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Translating preclinical approaches into human application


Dietz, Volker; Curt, Armin (2012). Translating preclinical approaches into human application. In: Vinken, P J; Bruyn, G W. Handbook of clinical neurology. Amsterdam: Elsevier, 399-409.

Abstract

In recent decades, several novel approaches of spinal cord repair have revealed promising findings in animal models. However, for a successful translation of these into a clinical trial in humans the specific conditions pertaining to human spinal cord injuries (SCI) have to be appreciated. Firstly, transection of the spinal cord is commonly applied in animal models, whereas spinal cord contusion is the predominant type of injury in humans, and generally leads to more extensive injury in two to three spinal cord segments. Secondly, the quadrupedal organization of locomotion in animals and the more complex autonomic functions in humans challenge the translation of animal behavior into recovery from human SCI. Thirdly, so far, no adequate animal model has been developed to resemble spastic movement disorder in human SCI. Fourthly, the extensive damage to spinal motor neurons and nerve roots in human cervical and thoracolumbar in spine trauma is but little addressed in current translational studies. This damage has direct implications for rehabilitation and repair strategies. Fifthly, there is increasing evidence for a neuronal dysfunction below the level of the lesion in chronic complete SCI. The relevance of this dysfunction for a regeneration-inducing treatment needs to be investigated. Lastly, an approach to facilitate an appropriate reconnection of regenerating tract fibers by functional training in the postacute stage has yet to be confirmed.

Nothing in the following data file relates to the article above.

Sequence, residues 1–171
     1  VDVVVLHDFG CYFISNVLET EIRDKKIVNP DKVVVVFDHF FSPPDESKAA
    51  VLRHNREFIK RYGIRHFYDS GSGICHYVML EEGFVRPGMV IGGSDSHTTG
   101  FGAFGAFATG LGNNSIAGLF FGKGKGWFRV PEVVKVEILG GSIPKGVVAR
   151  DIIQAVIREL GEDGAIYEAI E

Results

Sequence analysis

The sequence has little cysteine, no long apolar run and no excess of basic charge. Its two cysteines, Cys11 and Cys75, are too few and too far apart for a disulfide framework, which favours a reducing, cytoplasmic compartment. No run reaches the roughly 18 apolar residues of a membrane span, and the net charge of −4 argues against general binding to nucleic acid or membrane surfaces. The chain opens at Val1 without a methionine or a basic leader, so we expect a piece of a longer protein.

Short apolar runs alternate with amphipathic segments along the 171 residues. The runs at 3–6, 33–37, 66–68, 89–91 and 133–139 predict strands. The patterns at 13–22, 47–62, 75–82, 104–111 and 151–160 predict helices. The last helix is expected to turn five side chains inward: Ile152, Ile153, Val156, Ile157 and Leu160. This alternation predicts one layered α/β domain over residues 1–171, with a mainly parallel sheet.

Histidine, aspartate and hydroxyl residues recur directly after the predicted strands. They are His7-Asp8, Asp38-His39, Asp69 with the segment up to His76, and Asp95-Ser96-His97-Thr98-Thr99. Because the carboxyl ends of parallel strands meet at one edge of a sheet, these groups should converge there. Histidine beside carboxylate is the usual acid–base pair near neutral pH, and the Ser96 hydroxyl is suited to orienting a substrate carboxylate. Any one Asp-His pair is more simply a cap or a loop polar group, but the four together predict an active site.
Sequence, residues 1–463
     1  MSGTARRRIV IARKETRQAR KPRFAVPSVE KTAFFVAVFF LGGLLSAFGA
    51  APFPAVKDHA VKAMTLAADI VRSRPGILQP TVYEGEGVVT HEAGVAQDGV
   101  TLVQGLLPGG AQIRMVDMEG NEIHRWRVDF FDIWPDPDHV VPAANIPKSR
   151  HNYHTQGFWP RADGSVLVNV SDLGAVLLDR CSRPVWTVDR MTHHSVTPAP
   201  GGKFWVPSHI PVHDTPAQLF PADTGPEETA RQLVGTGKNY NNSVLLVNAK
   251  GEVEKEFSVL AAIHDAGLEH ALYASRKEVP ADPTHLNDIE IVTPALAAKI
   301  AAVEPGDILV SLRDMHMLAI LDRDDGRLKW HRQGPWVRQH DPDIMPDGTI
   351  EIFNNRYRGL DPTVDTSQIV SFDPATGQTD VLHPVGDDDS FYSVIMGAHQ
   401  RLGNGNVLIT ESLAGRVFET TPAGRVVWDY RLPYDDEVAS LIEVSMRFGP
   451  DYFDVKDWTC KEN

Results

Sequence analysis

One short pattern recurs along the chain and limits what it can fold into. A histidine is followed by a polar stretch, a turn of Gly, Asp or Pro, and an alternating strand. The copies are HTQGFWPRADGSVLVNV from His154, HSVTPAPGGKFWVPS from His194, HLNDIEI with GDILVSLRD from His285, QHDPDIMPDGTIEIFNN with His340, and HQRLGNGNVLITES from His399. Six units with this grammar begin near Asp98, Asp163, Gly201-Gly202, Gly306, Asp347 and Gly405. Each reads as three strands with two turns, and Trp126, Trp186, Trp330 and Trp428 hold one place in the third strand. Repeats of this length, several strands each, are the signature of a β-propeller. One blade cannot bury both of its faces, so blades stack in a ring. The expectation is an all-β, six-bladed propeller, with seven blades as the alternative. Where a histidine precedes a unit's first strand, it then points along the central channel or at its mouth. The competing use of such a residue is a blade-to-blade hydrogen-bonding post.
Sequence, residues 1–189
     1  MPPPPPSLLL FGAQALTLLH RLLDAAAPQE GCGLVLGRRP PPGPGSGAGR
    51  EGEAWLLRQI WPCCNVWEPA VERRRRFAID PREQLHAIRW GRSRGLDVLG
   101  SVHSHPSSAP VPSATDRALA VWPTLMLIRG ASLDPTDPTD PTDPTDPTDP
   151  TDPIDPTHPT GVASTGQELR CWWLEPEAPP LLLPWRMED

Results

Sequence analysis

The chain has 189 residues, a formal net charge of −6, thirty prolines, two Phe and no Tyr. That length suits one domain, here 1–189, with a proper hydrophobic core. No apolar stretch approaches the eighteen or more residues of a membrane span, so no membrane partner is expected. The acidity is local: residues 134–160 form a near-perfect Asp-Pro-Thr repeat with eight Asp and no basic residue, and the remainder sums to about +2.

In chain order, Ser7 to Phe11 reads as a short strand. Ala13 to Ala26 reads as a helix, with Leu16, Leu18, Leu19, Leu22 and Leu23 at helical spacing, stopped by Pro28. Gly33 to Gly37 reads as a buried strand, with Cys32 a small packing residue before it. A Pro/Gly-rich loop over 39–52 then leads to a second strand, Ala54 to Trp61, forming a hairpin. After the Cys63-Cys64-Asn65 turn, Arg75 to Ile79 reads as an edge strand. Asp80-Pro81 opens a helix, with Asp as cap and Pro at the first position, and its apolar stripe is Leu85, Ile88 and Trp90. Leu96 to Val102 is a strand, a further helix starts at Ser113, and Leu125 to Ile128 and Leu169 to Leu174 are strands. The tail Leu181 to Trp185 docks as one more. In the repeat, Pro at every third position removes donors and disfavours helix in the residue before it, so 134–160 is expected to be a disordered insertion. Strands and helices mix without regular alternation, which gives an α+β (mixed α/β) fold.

Abstract

In recent decades, several novel approaches of spinal cord repair have revealed promising findings in animal models. However, for a successful translation of these into a clinical trial in humans the specific conditions pertaining to human spinal cord injuries (SCI) have to be appreciated. Firstly, transection of the spinal cord is commonly applied in animal models, whereas spinal cord contusion is the predominant type of injury in humans, and generally leads to more extensive injury in two to three spinal cord segments. Secondly, the quadrupedal organization of locomotion in animals and the more complex autonomic functions in humans challenge the translation of animal behavior into recovery from human SCI. Thirdly, so far, no adequate animal model has been developed to resemble spastic movement disorder in human SCI. Fourthly, the extensive damage to spinal motor neurons and nerve roots in human cervical and thoracolumbar in spine trauma is but little addressed in current translational studies. This damage has direct implications for rehabilitation and repair strategies. Fifthly, there is increasing evidence for a neuronal dysfunction below the level of the lesion in chronic complete SCI. The relevance of this dysfunction for a regeneration-inducing treatment needs to be investigated. Lastly, an approach to facilitate an appropriate reconnection of regenerating tract fibers by functional training in the postacute stage has yet to be confirmed.

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Additional indexing

Item Type:Book Section, refereed, original work
Communities & Collections:04 Faculty of Medicine > Balgrist University Hospital, Swiss Spinal Cord Injury Center
Dewey Decimal Classification:610 Medicine & health
Language:English
Date:2012
Deposited On:19 Dec 2012 15:29
Last Modified:16 Jun 2016 12:20
Publisher:Elsevier
Series Name:Handbook of Clinical Neurology
ISSN:0072-9752
Publisher DOI:https://doi.org/10.1016/B978-0-444-52137-8.00025-5
PubMed ID:23098727

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